Thanksgiving is arriving this year just in the nick of time. These last few months have been an edgy, unhappy period in our country. Over the summer and fall frustration has been spilling over just about everywhere, with people angry about what’s happening with the economy, frightened about the loss of jobs, and anxious about the future. Polls are saying that for the first time in decades Americans believe their children will have less prosperous lives than their own. The recent elections have been ugly, and our representatives and leaders are bitterly divided. In this land of abundance a widespread sense of scarcity has taken over, a grim sense that there isn’t enough of life’s essentials to go around.

So it’s time to step back, take a break, and see if we can get some perspective on what’s going on. And I can’t think of a better place to turn for guidance than our nation’s Thanksgiving Day celebration this week, which is the closest thing we Americans have to a true national holiday. Unlike Christmas, which will come rolling in soon behind it, Thanksgiving doesn’t exclude any group from its celebration. It makes a profoundly religious assertion, but it does it in a way that is ecumenical and even interfaith—the affirmation that beneath all the different creeds in our country is one uniting attitude, and that is thankfulness.

When we gather next Thursday with friends and family many of our celebrations will begin with a moment of pause. Some will offer words of thanks and maybe even sing the old doxology, “Praise God from whom all blessings flow,” some will make signs of the cross, some will simply bow their heads or join hands, some will raise a glass. And for at least a few hours we Americans will pay attention to the blessings of our lives rather than to our problems. And we will sense what it might mean to view our world and our lives with glad and thankful hearts.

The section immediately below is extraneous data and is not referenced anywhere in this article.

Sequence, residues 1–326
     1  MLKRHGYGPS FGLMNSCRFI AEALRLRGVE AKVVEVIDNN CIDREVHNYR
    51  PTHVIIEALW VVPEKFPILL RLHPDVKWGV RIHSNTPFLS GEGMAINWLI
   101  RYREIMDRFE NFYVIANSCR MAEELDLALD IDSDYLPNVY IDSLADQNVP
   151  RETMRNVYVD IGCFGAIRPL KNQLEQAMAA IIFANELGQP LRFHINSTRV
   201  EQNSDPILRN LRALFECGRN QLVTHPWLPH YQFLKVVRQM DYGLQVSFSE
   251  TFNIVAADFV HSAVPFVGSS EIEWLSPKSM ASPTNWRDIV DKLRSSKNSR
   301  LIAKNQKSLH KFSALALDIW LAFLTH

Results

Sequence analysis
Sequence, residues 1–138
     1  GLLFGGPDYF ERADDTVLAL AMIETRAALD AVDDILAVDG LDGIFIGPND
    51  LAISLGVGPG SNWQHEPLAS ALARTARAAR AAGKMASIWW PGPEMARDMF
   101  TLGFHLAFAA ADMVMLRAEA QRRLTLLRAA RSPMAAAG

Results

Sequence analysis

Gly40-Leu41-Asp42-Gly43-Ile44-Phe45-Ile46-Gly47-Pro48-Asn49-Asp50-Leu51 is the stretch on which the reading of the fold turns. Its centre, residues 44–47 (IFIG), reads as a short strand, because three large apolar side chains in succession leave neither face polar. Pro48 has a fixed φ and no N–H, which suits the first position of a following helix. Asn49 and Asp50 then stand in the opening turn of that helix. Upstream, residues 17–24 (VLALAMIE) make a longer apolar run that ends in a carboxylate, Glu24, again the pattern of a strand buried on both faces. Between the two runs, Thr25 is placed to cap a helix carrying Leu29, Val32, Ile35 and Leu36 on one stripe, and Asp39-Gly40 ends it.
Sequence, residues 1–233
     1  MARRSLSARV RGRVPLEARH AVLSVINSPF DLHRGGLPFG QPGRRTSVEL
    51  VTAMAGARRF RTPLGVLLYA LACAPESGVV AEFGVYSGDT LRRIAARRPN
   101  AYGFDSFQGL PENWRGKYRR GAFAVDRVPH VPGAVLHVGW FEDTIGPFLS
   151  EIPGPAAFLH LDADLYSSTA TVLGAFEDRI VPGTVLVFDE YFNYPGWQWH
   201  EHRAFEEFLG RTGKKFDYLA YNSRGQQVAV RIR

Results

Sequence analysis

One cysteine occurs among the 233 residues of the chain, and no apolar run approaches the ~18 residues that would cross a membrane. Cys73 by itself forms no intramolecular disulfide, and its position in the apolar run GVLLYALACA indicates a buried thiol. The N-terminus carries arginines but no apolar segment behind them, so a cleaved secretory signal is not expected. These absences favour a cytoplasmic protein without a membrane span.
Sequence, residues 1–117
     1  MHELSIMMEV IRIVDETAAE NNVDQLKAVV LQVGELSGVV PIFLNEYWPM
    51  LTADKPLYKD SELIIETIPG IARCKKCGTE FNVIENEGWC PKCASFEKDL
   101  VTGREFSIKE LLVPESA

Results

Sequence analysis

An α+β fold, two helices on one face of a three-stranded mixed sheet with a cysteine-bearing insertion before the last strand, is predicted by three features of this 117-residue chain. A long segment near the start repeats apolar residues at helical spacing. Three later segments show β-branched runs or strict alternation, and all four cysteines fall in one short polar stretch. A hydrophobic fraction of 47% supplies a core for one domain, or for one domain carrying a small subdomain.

We should be careful not to romanticize that first Thanksgiving feast. It had come at the end of a brutal first year in the New World. The Pilgrims had arrived at Plymouth in 1620 after a grueling two month voyage on the Mayflower. The New England winter was harsher than anything they had ever experienced. By the time the one year anniversary arrived half of the Pilgrims who had set out from England were still alive. Everyone had lost someone they loved. The seeds they had brought along to grow their food failed to grow in the rocky New England soil, and starvation was a constant possibility. Only corn brought to them by the native people had kept them alive. By the spring and summer, though, things had become more hopeful, new crops had been planted, this time with fertilizer introduced to them by the natives, and they had begun to believe they would survive.

And so Governor William Bradford called for “a time to rejoice together after a more special manner” and sent out hunters to secure the ducks and geese for the feast. Contrary to what many paintings have suggested, the Pilgrims didn’t sit at a long table covered with a white linen tablecloth, with the natives standing around. They all stood around a fire throwing meat into steaming pots and ate with their fingers and knives. And in that feast they offered God their thanks and praise for surviving their first year. Their Bible had told them about ancient Israel’s harvest festivals when the Israelites thanked God for the abundance of creation and for delivering them from captivity and leading them to freedom. Now the Pilgrims were celebrating their own deliverance.